Recent incarceration is associated with an 81% increased risk for HIV and a 62% increased risk for hepatitis C virus acquisition, according to a systematic review and meta-analysis of dozens of studies from five continents.
“HCV and HIV are leading causes of morbidity and mortality and continue to represent major global public health concerns,” Jack Stone, PhD, an infectious disease mathematical modeler in the department of population health sciences at the University of Bristol in England, and colleagues wrote. “Injecting drug use is associated with two-fifths of the global HCV disease burden, while outside sub-Saharan Africa, an estimated one-fifth of new HIV infections occur among people who inject drugs (PWID).”
Studies have showed the benefits of HCV and HIV treatment in prisons. Although there is evidence that reinfection and transmission of HCV is common in prisoners who inject drugs, and that PWID have a higher prevalence of incarceration, little is known about the link between incarceration history and HCV and HIV risk, according to Stone and colleagues.
To assess the potential of elevated HIV or HCV acquisition risk among PWID, Stone and colleagues analyzed studies found in MEDLINE, Embase and PsycINFO databases that were published between Jan. 1, 2000, and June 13, 2017.
In total, they identified 25,434 unique records and ultimately included results from 20 published studies and 21 unpublished studies. The results showed that incarceration within the past 3, 6 or 12 months was associated with an 81% increase in HIV acquisition risk and a 62% increase in HCV acquisition risk. According to the researchers, past incarceration also showed increases in HIV and HCV acquisition risk of 25% and 21%, respectively.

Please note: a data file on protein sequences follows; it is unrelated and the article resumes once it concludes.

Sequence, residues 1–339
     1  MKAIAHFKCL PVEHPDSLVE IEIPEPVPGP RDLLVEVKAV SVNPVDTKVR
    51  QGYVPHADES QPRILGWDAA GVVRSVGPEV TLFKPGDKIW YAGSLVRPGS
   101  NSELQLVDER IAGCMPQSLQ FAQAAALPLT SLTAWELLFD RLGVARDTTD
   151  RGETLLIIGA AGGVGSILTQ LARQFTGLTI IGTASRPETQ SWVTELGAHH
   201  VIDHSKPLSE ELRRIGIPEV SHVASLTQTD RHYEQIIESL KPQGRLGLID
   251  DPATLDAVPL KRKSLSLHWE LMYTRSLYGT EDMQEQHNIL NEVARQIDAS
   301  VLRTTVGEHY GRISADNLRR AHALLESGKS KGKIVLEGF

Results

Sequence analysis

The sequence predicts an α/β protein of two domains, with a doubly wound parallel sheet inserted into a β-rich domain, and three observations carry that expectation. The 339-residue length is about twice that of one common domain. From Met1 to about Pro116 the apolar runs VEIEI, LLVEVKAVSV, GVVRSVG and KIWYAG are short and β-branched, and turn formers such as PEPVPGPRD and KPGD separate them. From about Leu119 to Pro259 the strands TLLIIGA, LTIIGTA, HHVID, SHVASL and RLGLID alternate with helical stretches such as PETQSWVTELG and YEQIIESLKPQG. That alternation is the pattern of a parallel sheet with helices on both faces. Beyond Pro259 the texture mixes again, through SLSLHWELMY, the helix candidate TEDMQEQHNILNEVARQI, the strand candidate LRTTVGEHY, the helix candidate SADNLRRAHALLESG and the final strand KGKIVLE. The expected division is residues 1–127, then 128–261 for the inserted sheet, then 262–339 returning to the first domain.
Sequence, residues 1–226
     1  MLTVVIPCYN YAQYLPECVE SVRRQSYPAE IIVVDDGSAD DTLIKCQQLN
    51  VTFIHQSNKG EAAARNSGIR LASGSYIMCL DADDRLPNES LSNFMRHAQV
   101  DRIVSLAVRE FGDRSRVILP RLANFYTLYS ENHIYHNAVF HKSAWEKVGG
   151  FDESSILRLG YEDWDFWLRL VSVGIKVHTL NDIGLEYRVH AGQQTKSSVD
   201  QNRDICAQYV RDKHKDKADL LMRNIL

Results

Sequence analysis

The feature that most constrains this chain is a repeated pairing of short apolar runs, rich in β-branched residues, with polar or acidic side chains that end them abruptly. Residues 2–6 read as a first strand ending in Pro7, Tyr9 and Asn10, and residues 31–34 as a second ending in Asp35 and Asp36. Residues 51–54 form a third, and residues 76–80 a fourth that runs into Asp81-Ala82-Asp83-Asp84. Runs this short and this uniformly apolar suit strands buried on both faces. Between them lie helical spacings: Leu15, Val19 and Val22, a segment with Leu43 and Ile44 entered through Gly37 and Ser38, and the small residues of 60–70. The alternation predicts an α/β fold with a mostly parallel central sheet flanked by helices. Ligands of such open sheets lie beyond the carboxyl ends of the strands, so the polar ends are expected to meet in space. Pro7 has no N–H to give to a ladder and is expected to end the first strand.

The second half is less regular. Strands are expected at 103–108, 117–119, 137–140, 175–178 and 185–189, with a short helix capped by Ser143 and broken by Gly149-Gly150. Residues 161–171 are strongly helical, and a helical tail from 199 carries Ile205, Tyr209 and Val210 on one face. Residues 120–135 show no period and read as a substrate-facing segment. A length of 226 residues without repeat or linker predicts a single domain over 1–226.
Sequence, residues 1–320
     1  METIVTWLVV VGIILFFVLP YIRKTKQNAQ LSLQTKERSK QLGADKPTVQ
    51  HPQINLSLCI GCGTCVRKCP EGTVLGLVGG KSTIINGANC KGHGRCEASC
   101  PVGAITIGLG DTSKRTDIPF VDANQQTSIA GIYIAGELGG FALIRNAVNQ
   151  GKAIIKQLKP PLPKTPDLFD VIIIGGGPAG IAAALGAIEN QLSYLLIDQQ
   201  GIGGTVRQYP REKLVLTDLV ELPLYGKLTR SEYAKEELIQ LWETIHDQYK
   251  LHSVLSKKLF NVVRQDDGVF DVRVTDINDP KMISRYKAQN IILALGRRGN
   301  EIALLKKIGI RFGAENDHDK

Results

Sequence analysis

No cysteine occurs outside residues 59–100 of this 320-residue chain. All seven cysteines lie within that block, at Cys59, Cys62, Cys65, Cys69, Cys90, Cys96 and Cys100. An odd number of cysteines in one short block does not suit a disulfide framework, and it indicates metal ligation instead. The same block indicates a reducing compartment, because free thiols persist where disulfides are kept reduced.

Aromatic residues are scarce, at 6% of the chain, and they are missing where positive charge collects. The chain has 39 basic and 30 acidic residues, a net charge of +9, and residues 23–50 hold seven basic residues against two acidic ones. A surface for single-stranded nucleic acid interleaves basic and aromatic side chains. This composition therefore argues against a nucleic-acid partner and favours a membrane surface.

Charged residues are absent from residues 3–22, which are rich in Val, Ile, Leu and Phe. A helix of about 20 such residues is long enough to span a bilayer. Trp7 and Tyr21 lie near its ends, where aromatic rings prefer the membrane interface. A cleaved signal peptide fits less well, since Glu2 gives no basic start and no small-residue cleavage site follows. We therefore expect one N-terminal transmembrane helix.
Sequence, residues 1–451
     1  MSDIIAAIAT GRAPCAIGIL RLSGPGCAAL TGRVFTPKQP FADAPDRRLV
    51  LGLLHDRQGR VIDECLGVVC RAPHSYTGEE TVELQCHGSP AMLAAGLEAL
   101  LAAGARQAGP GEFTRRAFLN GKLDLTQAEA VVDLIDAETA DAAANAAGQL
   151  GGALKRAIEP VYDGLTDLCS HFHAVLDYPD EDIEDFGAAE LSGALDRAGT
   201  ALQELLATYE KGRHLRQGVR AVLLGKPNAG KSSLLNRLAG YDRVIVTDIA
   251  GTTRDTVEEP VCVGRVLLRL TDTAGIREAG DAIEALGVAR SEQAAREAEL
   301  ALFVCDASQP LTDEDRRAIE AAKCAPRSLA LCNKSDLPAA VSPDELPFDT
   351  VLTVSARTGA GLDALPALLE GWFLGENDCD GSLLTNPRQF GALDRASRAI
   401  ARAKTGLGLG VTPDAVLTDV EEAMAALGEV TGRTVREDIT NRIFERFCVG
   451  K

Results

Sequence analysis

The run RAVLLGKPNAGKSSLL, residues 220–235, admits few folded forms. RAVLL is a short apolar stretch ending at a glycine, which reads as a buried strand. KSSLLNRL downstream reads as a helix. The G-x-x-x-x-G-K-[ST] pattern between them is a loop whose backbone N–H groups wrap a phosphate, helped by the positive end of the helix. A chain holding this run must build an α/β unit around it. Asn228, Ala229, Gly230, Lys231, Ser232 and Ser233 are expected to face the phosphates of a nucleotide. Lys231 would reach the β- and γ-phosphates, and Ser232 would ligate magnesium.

The authors said further research is required to better understand how incarceration elevates HIV and HCV risk to guide intervention developments.
“Our study provides strong evidence that recent incarceration is associated with substantial increases in HIV and HCV acquisition risk among PWID. Owing to the high prevalences of incarceration among PWID, incarceration is likely to be an important driver of HCV and HIC transmission and transmission among PWID,” they concluded. “Our findings add to the growing body of evidence for the harms associated with international drug policy, which result in many people who use drugs being incarcerated, and support calls for decriminalization of illicit drug use and greater access to prison-based harm reduction, with linkage following release.” – by Caitlyn Stulpin
Disclosures: Stone reports non-financial support from Gilead Sciences outside of the study. Please see the study for all other authors’ relevant financial disclosures.